A Poet’s Tranquillity in Fragrant Realms

Walking among your cheering fragrant blooms of jasmine

Your dear lovely bowers seem to be inviting soul mine,

To mingle with fragrance, thine

Your green foliage blending with blossoms white,

Seem to be tantalising me with all their might,

Transporting me to higher realms.

.

The gentle wind blows the sweet fragrance

Infusing my spirit, creating a heavenly ambiance.

The bees buzz in jubilance,

 The birds are chirping merrily,

The butterflies are flying cheerfully,

Rejoicing in the jasmine blooms’ intoxicating beauty.

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The tranquillity and the fragrance become my Muse,

To praise you in my aubades, my inspiring Muse,

To fly on the wings of poesy,

And write verses, entranced by your epiphany.

In all calmness,

And blissful joyousness!

©Pushmaotee Subrun

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About Pushmaotee Subrun

Pushmaotee Fowdur Subrun was born in 1949 in Mauritius. She pursued higher studies in Delhi University where she graduated in English. For the past forty-four years she has worked in secondary schools, seven years of which she spent in Masvingo, Zimbabwe, teaching English in an army school. She completed her PGCE at the Mauritius Institute of Education in 1993. After her retirement, she was a member of the Council of the University of Mauritius for three years. She is currently a reader and editor in the Ministry of Arts and Culture. She has written one novel, one play and Short Stories and Fables. Her poems have featured in Setu Magazine, ‘Poetry and Creativity’ and in Atunis Poetry.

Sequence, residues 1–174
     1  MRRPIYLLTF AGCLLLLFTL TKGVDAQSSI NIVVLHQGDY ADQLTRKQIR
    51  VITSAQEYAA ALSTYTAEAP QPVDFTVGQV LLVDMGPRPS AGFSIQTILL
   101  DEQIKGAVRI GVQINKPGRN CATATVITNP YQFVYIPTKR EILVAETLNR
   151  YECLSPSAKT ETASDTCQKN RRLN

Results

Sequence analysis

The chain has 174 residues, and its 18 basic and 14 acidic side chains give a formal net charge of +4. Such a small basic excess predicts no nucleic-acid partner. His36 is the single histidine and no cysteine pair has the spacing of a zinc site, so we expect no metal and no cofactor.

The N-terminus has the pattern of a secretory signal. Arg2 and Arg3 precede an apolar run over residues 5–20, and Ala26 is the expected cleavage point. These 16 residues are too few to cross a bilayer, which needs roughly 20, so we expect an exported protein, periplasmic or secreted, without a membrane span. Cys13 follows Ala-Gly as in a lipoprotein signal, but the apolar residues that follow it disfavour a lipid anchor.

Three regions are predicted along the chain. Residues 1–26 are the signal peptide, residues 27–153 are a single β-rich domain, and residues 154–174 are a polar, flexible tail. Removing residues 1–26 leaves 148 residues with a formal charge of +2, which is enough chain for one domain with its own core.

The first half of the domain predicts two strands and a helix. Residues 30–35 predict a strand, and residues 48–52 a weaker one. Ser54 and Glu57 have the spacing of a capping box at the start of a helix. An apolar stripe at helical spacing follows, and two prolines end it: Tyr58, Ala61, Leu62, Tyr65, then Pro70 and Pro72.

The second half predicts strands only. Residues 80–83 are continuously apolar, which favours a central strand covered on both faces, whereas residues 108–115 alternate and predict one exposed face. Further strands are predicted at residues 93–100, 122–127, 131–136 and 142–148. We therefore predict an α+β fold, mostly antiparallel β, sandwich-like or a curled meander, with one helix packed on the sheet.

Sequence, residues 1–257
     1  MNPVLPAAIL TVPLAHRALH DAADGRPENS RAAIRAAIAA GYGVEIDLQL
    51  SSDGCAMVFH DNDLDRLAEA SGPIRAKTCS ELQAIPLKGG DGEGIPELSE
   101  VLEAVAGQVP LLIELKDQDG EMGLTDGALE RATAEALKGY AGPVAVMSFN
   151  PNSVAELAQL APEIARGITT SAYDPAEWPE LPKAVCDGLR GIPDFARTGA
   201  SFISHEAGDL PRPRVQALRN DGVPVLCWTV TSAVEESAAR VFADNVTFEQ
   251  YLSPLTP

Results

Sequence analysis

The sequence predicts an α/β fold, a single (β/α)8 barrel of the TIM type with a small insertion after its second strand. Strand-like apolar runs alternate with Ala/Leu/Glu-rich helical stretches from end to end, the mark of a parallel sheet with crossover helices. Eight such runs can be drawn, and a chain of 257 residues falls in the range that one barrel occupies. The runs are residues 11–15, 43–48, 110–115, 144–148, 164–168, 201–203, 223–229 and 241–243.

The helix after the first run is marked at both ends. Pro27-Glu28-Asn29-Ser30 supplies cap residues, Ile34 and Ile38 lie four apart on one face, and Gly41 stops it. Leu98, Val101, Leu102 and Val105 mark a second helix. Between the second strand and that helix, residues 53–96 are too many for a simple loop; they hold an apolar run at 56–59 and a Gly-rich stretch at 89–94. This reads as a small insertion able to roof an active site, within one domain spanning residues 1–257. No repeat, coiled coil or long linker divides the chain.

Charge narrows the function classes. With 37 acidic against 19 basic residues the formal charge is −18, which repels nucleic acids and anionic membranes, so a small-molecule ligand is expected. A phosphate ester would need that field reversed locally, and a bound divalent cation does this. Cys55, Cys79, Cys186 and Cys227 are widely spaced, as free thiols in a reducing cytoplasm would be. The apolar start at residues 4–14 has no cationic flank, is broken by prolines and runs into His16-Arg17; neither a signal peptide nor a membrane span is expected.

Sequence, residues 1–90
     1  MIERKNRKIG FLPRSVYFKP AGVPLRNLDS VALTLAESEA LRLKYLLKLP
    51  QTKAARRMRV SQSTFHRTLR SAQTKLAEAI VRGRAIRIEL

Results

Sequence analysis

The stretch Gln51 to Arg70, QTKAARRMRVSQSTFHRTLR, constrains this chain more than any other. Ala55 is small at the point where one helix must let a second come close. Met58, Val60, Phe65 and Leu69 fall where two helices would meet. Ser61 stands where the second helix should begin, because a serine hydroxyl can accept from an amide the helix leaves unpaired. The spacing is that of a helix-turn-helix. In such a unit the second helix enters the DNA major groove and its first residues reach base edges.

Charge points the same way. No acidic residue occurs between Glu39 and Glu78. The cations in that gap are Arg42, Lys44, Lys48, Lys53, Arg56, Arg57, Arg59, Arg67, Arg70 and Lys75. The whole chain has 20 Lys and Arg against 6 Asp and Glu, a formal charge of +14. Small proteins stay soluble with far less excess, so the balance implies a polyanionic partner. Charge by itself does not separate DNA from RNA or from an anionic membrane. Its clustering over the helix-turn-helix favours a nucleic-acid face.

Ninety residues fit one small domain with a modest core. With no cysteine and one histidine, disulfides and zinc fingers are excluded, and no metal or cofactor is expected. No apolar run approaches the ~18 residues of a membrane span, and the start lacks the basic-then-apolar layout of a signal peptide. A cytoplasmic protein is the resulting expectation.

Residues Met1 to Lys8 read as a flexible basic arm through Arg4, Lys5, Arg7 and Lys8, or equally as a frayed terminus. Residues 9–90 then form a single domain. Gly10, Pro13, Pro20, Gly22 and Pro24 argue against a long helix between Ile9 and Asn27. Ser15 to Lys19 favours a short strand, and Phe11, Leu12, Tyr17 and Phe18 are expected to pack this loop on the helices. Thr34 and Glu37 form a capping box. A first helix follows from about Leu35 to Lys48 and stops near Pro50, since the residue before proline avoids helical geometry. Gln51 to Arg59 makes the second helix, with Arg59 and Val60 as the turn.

6 thoughts on “A Poet’s Tranquillity in Fragrant Realms

  1. Amita Paul

    Poetic ecstasy suffuses this poem about the beauty of a garden adorned with the dainty and fragrant jasmine among other delights.

    Reply
    1. Pushmaotee Subrun Post author

      I have a jasmine plant at home and the fragrance when it blooms at night is so very sweet… hence the inspiration for this poem!

      Reply
    2. Amita Paul

      Once again , I’m tempted to quote Keats who talks about the “ soft incense “ in a twilight garden , with the fragrance of the flowers giving a clue about their identity:

      I cannot see what flowers are at my feet,
      Nor what soft incense hangs upon the boughs,
      But, in embalmed darkness, guess each sweet
      Wherewith the seasonable month endows
      The grass, the thicket, and the fruit-tree wild;
      White hawthorn, and the pastoral eglantine;
      Fast fading violets cover’d up in leaves;
      And mid-May’s eldest child,
      The coming musk-rose, full of dewy wine,
      The murmurous haunt of flies on summer eves.

      Isn’t that a lovely game of blind man’s buff with the poet guessing at the presence of each different flower based on the fragrance wafting up to him in the darkness ?

      Reply
      1. Pushmaotee Subrun Post author

        Thanks dear poet Amita… don’t remember the following poem dear…will read it …
        I cannot see what flowers are at my feet,
        Nor what soft incense hangs upon the boughs,
        But, in embalmed darkness, guess each sweet…

        Reply
  2. Pushmaotee Subrun Post author

    My heartfelt thanks to you dear poet Louis! Your comment is an inspiration to me to try harder…

    Reply

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